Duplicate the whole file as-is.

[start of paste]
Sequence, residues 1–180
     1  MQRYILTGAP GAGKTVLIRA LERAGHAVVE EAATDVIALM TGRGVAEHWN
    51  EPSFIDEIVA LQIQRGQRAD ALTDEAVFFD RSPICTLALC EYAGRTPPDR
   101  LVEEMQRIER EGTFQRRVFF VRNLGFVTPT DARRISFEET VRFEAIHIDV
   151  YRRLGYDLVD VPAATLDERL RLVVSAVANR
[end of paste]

Sequence, residues 1–180
     1  MQRYILTGAP GAGKTVLIRA LERAGHAVVE EAATDVIALM TGRGVAEHWN
    51  EPSFIDEIVA LQIQRGQRAD ALTDEAVFFD RSPICTLALC EYAGRTPPDR
   101  LVEEMQRIER EGTFQRRVFF VRNLGFVTPT DARRISFEET VRFEAIHIDV
   151  YRRLGYDLVD VPAATLDERL RLVVSAVANR